3. Paul Says:

    I was probably still in grade school when I saw the movie, “The Thing,” which really knocked me out (and still does). Even back then, I read the credits enough to see it was based on a story, “Who Goes There?”, by John W. Campbell Jr. I had no idea who Campbell was then, or even after I’d paid 35 cents for the book, which also had other stories by him. But finding the literary source of that movie was my earliest “discovery” of this kind.

  4. Patrick Doris Says:

    When I was living in Columbus Ga. after I was discharged from active duty my wife and I went on drive and a picnic along the Chattahoochee River north of the city to the edge of the Piedmont. While we were eating my wife saw a jumble of rock and said that they were petrified wood> i had my doubts since the only petrified wood I knew about was in Arizona but i went over and looked and it was indeed petrified wood . She picked out the piece that had the best bark and said we needed to have it . The fact that it weigh 75 pounds and we were at the base of a 200 foot steep incline was immaterial to her I carried it up the slope and we carried it with us every where we moved. Today it decorates the front porch. Carrying that rock up the hill was one of the things I got right in my marriage.

  5. heteromeles Says:

    I just found a rock today. It was my wife’s day off, and we were walking on the beach, looking at the cobbles, trying to find something new and different (fossils, quartz, seaglass, whatever).

    One of my quests, these last few months, has been to find a heart-shaped cobble, and today I found one. First one I’ve found in years.

    Gave it to her too, of course. She liked it.

  6. janelindskold Says:

    Funny how many of us collect rocks… Jim and I have a small container containing, among others, an ovoid rock with an almost perfect yin-yang swirl and another shaped liked a “grey alien” head, complete with holes where the eyes should be.

    When Jim and I were courting, he was on a field project. Instead of flowers, he brought me back cobbles for my yard. His crew thought he was getting off really easy.

    But to me picking up that rock was also about taking the risk of being wrong — and being joyfully suprised to find that instead my horizons had expanded. I think many of the tales told here reflect that!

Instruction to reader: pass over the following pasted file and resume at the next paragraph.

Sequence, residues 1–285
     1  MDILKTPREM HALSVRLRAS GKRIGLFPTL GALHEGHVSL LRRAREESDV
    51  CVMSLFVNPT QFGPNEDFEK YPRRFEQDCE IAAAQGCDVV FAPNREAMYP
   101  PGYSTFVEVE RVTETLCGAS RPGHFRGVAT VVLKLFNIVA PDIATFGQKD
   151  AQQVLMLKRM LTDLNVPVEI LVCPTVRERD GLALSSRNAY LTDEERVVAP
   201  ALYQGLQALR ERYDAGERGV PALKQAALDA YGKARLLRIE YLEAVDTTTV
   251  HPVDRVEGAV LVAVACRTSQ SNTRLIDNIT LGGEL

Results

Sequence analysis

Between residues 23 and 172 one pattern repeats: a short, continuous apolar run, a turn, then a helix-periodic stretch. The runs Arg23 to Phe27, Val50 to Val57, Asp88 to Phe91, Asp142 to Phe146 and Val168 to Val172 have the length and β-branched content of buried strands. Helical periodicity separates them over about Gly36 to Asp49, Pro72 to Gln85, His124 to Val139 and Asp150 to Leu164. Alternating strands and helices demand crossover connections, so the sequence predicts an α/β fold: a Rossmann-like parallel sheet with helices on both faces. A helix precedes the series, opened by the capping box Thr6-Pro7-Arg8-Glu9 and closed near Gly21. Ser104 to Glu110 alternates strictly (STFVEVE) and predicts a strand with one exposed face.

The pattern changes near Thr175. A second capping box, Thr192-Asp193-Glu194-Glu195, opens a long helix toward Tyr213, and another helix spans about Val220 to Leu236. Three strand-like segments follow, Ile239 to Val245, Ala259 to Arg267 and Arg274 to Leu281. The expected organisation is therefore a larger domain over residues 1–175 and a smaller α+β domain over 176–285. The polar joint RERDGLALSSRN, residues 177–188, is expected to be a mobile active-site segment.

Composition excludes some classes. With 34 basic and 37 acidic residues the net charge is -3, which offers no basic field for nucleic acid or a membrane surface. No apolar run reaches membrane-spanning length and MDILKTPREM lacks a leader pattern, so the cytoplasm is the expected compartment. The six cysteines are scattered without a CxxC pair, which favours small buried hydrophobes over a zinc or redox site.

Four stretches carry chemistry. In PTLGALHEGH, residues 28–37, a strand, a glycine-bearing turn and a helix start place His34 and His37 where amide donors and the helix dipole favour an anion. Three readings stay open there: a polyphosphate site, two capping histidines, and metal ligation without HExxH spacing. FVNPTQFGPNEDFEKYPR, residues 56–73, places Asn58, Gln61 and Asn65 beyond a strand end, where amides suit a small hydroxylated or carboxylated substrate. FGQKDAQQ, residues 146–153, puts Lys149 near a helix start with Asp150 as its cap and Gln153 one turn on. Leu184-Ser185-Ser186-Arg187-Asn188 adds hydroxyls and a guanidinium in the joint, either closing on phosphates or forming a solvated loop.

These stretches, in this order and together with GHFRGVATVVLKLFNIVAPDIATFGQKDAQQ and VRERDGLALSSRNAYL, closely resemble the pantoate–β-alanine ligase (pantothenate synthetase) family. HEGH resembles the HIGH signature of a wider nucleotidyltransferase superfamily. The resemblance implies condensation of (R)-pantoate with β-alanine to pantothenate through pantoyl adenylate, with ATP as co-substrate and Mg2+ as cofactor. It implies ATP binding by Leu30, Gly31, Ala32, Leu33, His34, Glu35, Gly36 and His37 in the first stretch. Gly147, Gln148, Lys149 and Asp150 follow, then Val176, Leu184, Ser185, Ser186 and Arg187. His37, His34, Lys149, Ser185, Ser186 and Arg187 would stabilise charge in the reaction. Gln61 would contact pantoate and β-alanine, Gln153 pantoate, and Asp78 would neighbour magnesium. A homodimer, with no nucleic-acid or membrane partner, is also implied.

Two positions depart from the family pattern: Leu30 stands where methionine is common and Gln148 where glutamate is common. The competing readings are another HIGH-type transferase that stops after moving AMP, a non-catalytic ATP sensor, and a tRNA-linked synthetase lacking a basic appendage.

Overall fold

7. Eric Says:

    Was I was a child, I went outside one day and a perfectly white stone was sitting on top of the freshly laid pine straw around the landscaping. I have no idea how it got there or even what kind of rock it is, but I still have it somewhere. Someday I’ll understand its significance, but for now, I just think it’s pretty.

  8. janelindskold Says:

    There’s something about white rocks… I’d almost bet a raven or other corvid found the rock and picked it up because it was shiny. Or was this one too large for that?

    Jim and I have some huge chunks of white quartz in our yard, courtesy of the mountains of Colorado near my (late) father’s house.

    And I have built a small cairn of white pebbles near a gargoyle in the back yard.

    I wonder if part of the fascination is that they glow in moonlight?

  9. Eric Says:

    It’s entirely possible that a crow put it there. The rock isn’t too large to be picked up by one. That possibility certainly contributes to its mystique.

    To see them all glowing so in the moonlight must be quite an experience.

  10. janelindskold Says:

    One great thing about living in dry areas a mile high is moonlight is quite impressive…

  11. Susan O'Fearna Says:

    When I was little we were VERY poor and lived in Southeastern Arizona (Duncan if you can find it on a map), right next to the Gila River. Because any toys we could afford were kinda precious my favorite pasttime was making what I referred to as “soft dirt” and making my “pretty rock garden”. My grandfather and his brother, my Uncle Jim, used to steal my “soft dirt” for their REAL gardens, much to my consternation and I made a bit of pocket money by selling the pretty rocks to the local junk store after I cleaned them up and he’d sell them to the tourists who wandered through town, usually lost ^_^ .

    Today my yard here in Flagstaff is totally filled with “pretty rocks” I’ve picked up while out walking and those glass “rocks” people put in the bottom of vases, but the pride of my collection is a rather ugly chunk of raw GREEN! turquoise that I found on my mother’s grave. Other than the vein of sparkly green it’s totally bland, but I love it.